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Top US General Holds Discussions With Indian Defence Brass

Written by: Staff
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New Delhi, Jun 5 (UNI) America's topmost General today said his country saw bolstered defence capacities of nations as stabilising factors and, therefore, felt no wrong in India testing an Inter-Continental Ballistic Missile or Pakistan arming itself with purchased weaponry.

''Stability increases when nations have confidence in their own defence capacitities... they are more relaxed then... they'll not act too quickly,'' averred General Peter Pace -- America's highest ranking military officer and Chairman of the US Joint Chiefs of Staff currently visiting India on a ''familiarisation'' trip.

Gen Pace -- at the end of a hectic day today during which he met Naval Chief and Chairman of the Chiefs of Staff Committee Admiral Arun Prakash, Army Chief JJ Singh and Indian Air Force Vice-Chief Air Marshal Ajit Bhavnani -- told mediapersons that instead of perceiving India's Agni-III missile tests as ''destabilising'' he considered them more as factors lending to furthering India's confidence in its self-defence capabilities.

''This is a stabilising factor....'' On recent US arms aid to Pakistan, Gen Pace -- who arrived earlier in the day on a short two-day visit -- said ''it is stabilising to have countries that think they have sufficient defence....'' Gen Pace -- the highest ranking American military officer to visit India in three years -- reiterated the oft-repeated US assertion that Pakistan was ''a very important partner to us in the war against terror, especially since 9/11... and in Afghanistan....'' Regarding the daylong confabulations here, Gen Pace said he had come here ''to familiarise myself with the Indian military leadership'' and had ''excellent discussions'' on ways the militaries of the United States -- the world's oldest democracy -- and India -- the world's largest democracy -- could partner each other.

''I came here to listen and learn... I see a natural partnership here... there is a large area for cooperation....'' Terming ongoing cooperation between the respective Armed Forces of the two countries as ''very good'', Gen Pace said it was now for these Services to suggest more ways for future collaboration. ''They should explore ideas... present them to their governments... where we can work together more efficiently....'' Earlier, Gen Pace -- heading a high level tri-service delegation -- was briefed on 'India's Security Perspective' by Lt Gen HS Lidder, Chief of the Integrated Defence Staff, following which US officials briefed the Indian defence brass on 'Regional Security Perspective'.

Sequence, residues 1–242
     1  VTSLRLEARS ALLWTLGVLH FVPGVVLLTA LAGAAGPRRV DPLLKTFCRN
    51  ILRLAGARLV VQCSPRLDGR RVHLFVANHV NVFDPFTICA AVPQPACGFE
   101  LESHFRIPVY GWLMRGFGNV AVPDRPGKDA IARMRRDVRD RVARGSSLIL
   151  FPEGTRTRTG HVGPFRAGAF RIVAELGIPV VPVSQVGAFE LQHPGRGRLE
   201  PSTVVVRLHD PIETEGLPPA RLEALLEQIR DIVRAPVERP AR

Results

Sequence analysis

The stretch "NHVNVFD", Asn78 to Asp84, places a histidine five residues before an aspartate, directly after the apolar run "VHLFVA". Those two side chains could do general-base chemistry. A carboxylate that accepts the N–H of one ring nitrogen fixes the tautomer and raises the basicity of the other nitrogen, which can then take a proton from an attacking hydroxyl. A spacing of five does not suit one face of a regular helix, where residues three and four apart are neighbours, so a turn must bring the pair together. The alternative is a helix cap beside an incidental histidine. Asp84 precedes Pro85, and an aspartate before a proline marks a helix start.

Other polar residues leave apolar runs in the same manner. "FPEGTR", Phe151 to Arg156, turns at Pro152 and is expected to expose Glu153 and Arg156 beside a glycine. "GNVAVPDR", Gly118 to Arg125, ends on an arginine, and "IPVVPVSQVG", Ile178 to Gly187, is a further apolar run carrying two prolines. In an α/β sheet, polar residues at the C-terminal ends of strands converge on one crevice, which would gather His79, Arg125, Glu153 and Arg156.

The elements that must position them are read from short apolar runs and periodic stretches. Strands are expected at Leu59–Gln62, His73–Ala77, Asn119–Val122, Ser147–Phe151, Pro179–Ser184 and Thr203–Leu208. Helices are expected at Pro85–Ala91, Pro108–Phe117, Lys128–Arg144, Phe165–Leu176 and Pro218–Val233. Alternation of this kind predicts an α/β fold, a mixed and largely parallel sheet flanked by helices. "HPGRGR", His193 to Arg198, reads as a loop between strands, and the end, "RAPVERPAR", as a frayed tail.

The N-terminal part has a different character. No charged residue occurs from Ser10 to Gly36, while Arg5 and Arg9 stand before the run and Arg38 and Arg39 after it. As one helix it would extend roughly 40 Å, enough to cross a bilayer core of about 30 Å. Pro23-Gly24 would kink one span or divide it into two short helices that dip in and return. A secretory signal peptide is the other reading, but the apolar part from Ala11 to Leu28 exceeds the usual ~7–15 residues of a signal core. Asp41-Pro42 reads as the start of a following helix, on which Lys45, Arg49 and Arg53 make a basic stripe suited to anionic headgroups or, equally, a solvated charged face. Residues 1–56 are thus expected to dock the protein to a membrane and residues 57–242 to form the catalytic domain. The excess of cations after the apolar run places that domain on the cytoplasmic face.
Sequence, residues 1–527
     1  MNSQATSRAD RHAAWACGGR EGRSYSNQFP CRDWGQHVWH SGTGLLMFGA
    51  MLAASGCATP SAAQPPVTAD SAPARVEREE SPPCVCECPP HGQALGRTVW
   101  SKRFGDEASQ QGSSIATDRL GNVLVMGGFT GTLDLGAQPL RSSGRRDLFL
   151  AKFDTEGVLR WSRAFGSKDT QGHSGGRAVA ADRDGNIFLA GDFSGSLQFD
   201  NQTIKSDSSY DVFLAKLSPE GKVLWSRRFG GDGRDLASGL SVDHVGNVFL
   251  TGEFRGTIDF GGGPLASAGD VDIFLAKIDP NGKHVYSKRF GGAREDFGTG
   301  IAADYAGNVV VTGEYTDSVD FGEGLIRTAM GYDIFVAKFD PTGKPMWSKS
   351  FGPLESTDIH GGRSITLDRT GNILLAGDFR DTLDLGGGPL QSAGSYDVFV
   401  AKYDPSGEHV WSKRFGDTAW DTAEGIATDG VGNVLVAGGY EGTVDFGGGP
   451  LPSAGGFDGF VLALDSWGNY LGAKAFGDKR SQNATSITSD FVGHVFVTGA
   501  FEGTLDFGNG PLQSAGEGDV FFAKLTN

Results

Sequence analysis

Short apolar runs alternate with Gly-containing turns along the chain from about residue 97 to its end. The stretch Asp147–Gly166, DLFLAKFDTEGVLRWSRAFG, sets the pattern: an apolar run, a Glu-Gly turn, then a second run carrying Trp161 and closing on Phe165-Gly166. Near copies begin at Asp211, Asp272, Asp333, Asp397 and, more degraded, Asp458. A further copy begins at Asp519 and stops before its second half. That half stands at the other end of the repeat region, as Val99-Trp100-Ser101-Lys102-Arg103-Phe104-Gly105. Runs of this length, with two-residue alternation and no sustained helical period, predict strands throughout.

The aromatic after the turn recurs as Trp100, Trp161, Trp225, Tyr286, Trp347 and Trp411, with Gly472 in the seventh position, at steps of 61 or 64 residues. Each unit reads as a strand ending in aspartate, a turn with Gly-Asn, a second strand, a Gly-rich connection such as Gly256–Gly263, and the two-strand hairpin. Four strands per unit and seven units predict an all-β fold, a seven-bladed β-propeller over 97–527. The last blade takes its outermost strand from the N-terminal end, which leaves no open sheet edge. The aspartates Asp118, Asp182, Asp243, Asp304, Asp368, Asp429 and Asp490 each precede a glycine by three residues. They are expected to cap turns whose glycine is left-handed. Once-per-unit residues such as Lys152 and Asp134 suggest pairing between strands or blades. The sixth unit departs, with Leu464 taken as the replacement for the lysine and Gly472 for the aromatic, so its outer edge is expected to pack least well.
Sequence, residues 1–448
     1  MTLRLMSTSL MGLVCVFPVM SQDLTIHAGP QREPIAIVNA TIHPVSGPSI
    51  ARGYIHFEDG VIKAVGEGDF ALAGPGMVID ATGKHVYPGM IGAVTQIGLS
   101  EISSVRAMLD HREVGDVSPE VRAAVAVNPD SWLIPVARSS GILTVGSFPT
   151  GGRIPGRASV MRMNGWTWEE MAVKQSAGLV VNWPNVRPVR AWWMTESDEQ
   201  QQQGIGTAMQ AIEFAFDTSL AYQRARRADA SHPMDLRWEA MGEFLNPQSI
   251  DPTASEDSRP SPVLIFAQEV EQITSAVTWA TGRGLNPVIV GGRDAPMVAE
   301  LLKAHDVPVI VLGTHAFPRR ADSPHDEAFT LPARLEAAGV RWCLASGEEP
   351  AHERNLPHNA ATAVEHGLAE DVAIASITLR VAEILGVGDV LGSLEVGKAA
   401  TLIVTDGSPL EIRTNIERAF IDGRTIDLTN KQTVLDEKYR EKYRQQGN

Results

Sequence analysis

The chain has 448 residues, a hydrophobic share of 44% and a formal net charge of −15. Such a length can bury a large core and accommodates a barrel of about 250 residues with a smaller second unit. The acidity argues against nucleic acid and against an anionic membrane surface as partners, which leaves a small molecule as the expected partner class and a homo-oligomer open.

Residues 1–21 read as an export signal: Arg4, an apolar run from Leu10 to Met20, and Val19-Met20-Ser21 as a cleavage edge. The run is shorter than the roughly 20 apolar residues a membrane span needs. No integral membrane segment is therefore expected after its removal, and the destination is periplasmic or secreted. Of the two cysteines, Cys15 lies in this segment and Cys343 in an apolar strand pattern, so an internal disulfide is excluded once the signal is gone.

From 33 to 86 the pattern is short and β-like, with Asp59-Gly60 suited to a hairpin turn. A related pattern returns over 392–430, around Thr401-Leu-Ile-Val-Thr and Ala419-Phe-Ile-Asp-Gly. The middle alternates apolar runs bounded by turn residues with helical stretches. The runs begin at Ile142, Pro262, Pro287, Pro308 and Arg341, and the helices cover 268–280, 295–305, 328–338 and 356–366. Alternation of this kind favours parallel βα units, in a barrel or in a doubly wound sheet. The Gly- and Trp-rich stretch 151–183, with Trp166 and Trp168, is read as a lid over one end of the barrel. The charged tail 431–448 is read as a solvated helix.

He was accorded an impressive inter-services Guard of Honour on his arrival for talks at South Block.

Gen Pace arrived here from Singapore on a special US Air Force jet for a visit that will also take him to Agra, Chandimandir and Shimla.

During his stay here, Gen Pace -- whose predecessor Gen Richard B Myers had visited India in July 2003 -- will also hold discussions with National Security Adviser MK Narayanan.

Gen Pace will also be visiting Agra to see the Taj Mahal as well as the Air Force Transport Base -- where he will also see the Paratroop Training School. Besides, he will visit the Headquarters of the Army's Western Command in Chandimandir, near Chandigarh, and its Training Command at Shimla.

Gen Pace is the third senior US military officer to visit India this year after US Pacific Air Force Commander Gen Paul Hester and US Pacific Fleet Commander Admiral Gary Roughead.

India and the US had upgraded their defence ties in June 2005 by signing a 10-year agreement that envisages stepped-up military cooperation in fields like missile defence, joint weapons production and technology transfer.

UNI DG RL HT2012

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